Racial Politics in an Online Community: Discursive Closures and the Potentials for Narrative Appropriation. Atkinson, J. D., Rosati, C., Berg, S., Meier, M., & White, B. Journal of Communication Inquiry, 37(2):171–185, April, 2013.
Racial Politics in an Online Community: Discursive Closures and the Potentials for Narrative Appropriation [link]Paper  doi  abstract   bibtex   
The following essay explores the racial politics within an online community focused on the city of Detroit. Past research has demonstrated that the intertextual strategies utilized by the DetroitYES! community have built an alternative cityscape that changes the way people interact with the physical environment. In our research we engaged in a qualitative content analysis of different threads on the discussion forum, and we interviewed members of the community to illustrate racial politics in this virtual site. Our research illustrated administrative strategies utilized within the community that closed down discourse about race. On the surface, these appeared to be authoritarian strategies that maintained White privilege. However, further research and analysis demonstrated how these strategies gave rise to the possibilities for narrative appropriation and building bridges by minority communities.
@article{atkinson_racial_2013,
	title = {Racial {Politics} in an {Online} {Community}: {Discursive} {Closures} and the {Potentials} for {Narrative} {Appropriation}},
	volume = {37},
	issn = {0196-8599},
	shorttitle = {Racial {Politics} in an {Online} {Community}},
	url = {http://journals.sagepub.com/doi/abs/10.1177/0196859913482139},
	doi = {10.1177/0196859913482139},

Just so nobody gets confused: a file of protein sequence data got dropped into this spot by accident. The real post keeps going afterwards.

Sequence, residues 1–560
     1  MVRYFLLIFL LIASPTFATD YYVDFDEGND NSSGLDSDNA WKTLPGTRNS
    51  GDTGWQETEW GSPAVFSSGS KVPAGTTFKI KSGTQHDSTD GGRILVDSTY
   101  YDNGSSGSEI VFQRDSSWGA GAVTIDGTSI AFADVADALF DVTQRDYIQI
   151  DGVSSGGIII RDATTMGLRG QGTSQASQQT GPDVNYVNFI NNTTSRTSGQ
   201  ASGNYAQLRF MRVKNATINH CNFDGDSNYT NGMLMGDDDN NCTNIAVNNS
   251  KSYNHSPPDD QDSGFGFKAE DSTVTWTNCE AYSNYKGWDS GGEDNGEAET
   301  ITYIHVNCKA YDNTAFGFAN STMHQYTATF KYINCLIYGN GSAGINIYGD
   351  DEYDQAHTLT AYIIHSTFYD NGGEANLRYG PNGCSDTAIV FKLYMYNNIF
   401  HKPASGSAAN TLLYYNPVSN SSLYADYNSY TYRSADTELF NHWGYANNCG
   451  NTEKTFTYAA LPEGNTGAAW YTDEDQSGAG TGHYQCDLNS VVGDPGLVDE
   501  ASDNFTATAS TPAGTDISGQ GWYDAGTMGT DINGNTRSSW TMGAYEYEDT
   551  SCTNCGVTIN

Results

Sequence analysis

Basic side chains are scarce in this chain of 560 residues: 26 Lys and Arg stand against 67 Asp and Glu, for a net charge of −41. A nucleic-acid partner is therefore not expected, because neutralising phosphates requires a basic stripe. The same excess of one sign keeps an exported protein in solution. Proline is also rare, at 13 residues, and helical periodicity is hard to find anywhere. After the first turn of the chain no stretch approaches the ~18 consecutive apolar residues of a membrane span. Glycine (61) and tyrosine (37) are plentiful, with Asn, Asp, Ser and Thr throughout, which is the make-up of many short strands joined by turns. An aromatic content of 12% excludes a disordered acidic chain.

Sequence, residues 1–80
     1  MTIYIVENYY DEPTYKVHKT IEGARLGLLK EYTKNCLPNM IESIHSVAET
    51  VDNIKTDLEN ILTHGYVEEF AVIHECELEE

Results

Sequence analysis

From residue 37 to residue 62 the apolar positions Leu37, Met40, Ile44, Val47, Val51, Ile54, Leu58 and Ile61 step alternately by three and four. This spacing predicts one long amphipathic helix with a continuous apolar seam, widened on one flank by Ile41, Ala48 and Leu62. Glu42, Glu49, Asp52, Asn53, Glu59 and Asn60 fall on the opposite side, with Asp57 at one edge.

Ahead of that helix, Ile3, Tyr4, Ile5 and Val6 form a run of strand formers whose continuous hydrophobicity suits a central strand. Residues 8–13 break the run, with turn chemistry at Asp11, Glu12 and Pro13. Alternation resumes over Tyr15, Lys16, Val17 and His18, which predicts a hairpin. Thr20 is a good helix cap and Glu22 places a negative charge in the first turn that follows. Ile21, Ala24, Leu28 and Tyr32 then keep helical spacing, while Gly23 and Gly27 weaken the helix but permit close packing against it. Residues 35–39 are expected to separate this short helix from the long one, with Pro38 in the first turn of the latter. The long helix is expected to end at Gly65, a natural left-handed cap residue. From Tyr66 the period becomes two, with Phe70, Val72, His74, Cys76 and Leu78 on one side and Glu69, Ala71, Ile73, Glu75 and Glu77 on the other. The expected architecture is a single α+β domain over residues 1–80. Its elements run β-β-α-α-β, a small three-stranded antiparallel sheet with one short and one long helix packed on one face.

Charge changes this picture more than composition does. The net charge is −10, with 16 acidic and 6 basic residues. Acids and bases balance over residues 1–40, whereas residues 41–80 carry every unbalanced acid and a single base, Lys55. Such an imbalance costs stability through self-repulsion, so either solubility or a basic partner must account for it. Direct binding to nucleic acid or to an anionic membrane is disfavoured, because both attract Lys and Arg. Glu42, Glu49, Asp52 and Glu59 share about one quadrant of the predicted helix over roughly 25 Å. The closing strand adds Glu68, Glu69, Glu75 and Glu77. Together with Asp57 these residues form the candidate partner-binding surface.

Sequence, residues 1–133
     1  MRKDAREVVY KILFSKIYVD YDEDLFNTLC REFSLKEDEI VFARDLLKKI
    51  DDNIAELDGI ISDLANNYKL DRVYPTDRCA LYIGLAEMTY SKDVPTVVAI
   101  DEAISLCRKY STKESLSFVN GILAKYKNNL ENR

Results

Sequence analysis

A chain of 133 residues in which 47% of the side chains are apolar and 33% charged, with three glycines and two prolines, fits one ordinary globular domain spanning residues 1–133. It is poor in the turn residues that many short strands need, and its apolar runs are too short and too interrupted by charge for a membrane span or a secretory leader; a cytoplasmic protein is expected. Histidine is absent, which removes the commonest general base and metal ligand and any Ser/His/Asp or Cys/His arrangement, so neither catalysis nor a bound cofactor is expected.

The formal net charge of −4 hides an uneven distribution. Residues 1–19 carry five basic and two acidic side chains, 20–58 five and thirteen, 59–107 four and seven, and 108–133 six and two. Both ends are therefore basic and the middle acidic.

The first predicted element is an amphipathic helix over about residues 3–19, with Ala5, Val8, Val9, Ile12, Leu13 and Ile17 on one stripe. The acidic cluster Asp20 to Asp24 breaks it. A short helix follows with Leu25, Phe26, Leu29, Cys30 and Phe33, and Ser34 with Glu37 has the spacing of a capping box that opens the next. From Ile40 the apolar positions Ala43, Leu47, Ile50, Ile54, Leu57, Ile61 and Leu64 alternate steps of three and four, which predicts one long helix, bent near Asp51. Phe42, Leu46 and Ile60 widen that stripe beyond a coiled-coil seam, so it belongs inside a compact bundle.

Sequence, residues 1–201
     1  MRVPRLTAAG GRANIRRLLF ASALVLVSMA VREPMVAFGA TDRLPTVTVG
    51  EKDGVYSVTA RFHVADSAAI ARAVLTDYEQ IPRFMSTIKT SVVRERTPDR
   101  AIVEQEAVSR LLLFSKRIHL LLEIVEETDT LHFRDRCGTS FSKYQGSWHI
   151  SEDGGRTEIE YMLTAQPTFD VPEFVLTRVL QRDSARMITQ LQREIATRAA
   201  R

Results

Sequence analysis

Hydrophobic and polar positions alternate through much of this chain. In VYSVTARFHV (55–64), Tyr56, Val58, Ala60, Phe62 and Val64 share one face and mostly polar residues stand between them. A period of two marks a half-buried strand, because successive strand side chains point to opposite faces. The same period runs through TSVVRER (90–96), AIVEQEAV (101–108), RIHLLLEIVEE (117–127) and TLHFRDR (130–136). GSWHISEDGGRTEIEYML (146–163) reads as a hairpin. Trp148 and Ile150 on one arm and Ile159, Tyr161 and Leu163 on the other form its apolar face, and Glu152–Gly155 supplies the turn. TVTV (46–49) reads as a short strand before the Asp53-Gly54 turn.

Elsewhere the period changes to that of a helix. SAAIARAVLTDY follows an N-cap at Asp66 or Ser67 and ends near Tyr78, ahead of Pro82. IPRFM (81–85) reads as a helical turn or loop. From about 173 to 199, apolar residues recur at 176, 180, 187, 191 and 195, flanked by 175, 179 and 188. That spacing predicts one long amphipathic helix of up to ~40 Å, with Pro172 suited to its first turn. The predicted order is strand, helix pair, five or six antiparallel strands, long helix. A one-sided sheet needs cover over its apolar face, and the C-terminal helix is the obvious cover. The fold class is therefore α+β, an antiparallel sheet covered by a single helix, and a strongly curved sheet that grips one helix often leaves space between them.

abstract = {The following essay explores the racial politics within an online community focused on the city of Detroit. Past research has demonstrated that the intertextual strategies utilized by the DetroitYES! community have built an alternative cityscape that changes the way people interact with the physical environment. In our research we engaged in a qualitative content analysis of different threads on the discussion forum, and we interviewed members of the community to illustrate racial politics in this virtual site. Our research illustrated administrative strategies utilized within the community that closed down discourse about race. On the surface, these appeared to be authoritarian strategies that maintained White privilege. However, further research and analysis demonstrated how these strategies gave rise to the possibilities for narrative appropriation and building bridges by minority communities.},
	language = {en},
	number = {2},
	urldate = {2017-06-01TZ},
	journal = {Journal of Communication Inquiry},
	author = {Atkinson, Joshua D. and Rosati, Clayton and Berg, Suzanne and Meier, Matthew and White, Brion},
	month = apr,
	year = {2013},
	keywords = {2.DL\&R participant publications, race},
	pages = {171--185}
}

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